On the other hand, with the notable exception of KMI none of my stocks cut their dividends, in fact almost all increased their payouts. So the market correction doesn't bother me.
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Old 01-18-2016, 03:35 AM   #77
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so the fact your investment may fall 40% but you get a dividend makes it ok ? ? not in my book
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Old 01-18-2016, 06:23 AM   #78
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so the fact your investment may fall 40% but you get a dividend makes it ok ? ? not in my book
You surprise me mathjak!

No one thinks it's ok to lose any money on their investments, but gains and losses are a fact of investing with a long term trend in looking at gains. One step backward, two steps forward.

While not pleasant, getting paid a dividend while you wait for your investment to get back to parity and then on to an eventual gain at least takes the sting off of the wait.

Many/most here rely on equities that pay dividends to create a 'paycheck'. The stock's monthly/annual value is of less importance than getting a fairly reliable/predictable paycheck every quarter or so without the stress of having to sell that equity in down times like now.

But you know that.

Now, I expect that you'll come back saying that the dividends only reduce the price of the equity; that you're actually eating into your own value (or however you have clearly explained it before) and that's true, but IMHO a dividend provides a regular and predictable income stream without trying to figure out market timing.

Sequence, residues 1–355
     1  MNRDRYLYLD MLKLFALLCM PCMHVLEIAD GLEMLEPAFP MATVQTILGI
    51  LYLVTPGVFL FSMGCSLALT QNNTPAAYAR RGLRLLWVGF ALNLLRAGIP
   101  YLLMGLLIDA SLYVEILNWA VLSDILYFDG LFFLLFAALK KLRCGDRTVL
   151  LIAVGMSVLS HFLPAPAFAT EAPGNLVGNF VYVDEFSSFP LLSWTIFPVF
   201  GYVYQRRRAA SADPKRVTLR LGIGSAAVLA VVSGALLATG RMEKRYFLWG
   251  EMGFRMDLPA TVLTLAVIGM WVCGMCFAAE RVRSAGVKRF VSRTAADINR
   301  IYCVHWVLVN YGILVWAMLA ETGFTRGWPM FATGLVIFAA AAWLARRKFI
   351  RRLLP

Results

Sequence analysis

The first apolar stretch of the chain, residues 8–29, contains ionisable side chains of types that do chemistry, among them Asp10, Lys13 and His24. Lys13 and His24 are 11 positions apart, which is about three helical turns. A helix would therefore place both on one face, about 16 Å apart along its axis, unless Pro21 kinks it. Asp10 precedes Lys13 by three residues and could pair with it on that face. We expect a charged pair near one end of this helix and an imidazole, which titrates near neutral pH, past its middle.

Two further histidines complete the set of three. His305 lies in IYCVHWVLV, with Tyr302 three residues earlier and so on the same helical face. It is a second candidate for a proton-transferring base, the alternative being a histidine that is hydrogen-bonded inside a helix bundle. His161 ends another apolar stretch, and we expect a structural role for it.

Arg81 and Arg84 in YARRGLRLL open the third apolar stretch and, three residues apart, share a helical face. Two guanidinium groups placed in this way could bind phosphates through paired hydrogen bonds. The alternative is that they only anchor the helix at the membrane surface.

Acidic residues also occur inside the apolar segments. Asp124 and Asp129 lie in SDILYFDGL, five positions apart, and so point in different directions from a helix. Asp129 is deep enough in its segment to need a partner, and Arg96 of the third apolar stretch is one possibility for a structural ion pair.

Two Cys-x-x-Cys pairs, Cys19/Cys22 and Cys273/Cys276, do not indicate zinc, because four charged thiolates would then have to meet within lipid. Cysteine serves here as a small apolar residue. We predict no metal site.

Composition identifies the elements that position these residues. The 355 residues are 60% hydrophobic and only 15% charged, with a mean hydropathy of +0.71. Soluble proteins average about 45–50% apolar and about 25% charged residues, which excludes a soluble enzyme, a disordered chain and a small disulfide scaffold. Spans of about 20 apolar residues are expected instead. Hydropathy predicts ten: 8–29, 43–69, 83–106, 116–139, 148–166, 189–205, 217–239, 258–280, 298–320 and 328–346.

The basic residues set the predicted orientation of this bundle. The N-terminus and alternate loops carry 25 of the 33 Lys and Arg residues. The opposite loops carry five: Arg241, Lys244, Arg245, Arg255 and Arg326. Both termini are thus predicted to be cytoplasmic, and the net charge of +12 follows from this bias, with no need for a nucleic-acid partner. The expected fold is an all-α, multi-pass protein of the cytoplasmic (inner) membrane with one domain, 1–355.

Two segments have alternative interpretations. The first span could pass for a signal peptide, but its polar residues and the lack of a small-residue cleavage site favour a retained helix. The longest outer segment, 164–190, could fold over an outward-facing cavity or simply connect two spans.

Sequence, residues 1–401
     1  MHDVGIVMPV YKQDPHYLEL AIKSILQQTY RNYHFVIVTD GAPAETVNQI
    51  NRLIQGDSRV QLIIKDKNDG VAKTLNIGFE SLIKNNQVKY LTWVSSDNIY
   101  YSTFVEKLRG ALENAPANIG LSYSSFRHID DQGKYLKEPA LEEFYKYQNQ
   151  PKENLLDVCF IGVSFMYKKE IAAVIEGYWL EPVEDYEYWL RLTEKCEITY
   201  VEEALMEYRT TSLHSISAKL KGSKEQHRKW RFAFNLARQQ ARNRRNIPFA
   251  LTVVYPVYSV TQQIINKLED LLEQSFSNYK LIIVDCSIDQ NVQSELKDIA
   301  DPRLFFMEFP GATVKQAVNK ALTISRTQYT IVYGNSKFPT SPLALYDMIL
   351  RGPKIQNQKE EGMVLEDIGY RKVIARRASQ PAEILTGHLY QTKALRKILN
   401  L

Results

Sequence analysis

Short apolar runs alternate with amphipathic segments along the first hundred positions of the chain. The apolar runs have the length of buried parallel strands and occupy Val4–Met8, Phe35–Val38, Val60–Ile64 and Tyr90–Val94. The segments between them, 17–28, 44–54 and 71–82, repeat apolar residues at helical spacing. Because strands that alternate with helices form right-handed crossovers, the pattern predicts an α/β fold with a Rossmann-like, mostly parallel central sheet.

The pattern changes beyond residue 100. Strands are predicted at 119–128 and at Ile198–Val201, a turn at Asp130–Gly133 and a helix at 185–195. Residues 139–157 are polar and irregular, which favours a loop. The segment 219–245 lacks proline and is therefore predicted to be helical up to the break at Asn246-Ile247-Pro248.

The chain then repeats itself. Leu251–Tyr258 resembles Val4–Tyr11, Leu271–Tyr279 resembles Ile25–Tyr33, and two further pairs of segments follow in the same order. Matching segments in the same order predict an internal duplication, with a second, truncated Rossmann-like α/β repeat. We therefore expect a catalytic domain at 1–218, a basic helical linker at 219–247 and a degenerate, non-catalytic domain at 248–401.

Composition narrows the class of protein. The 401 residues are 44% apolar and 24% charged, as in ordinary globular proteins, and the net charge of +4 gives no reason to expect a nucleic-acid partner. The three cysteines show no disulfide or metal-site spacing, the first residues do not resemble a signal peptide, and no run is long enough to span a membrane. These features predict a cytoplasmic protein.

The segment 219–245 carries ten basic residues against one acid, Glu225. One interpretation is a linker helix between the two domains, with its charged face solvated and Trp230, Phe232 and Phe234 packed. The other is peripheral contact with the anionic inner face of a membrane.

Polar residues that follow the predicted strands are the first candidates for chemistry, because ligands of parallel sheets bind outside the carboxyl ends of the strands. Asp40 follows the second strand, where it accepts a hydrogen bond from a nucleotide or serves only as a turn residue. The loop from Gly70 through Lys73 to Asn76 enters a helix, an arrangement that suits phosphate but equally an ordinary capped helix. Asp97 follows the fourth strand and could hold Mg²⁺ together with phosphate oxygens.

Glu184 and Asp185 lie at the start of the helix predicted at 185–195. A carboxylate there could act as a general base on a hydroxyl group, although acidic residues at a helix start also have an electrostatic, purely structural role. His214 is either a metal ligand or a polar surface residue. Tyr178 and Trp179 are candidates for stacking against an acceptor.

I think a lot of us are finding solace in getting that paycheck knowing that over time we'll get our investment back.
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Old 01-18-2016, 06:26 AM   #79
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but that premise is false . all they pay out does is reduce the stock price by the same amount . there is no advantage at all in a down market .

all that counts is the dollars compounded on over each quarter not number of shares or anything else ..

giving you a 2% dividend and dropping the share price 2% leaves you no better off . there is no such thing as being paid to wait . your dollars invested are the same both before and after for the most part if you reinvest or you have less dollars compounding at the opening bell over the next quarter if you don't . .

it is not like rebalancing or adding more money where you are actually altering the dollars invested in your allocation .

just pulling the same 2% out of a portfolio would be the same thing regardless of dividends .

paid to wait does not exist . you are switching the money from one pocket to th other and are just as down .
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Old 01-18-2016, 06:59 AM   #80
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but that premise is false . all they pay out does is reduce the stock price by the same amount . there is no advantage at all in a down market .

just pulling the same 2% out of a portfolio would be the same thing regardless of dividends .

paid to wait does not exist . you are switching the money from one pocket to th other and are just as down .
Understood.

Question, not a challenge:
I haven't run any numbers (and I'm a self avowed math illiterate) but wouldn't selling SHARES that are down 40% in order to achieve an income of $X be worse than getting the same dollars in dividends and keeping those shares intact, knowing/hoping that those shares will be worth more in the future?
I expect you're going to say 'the same'.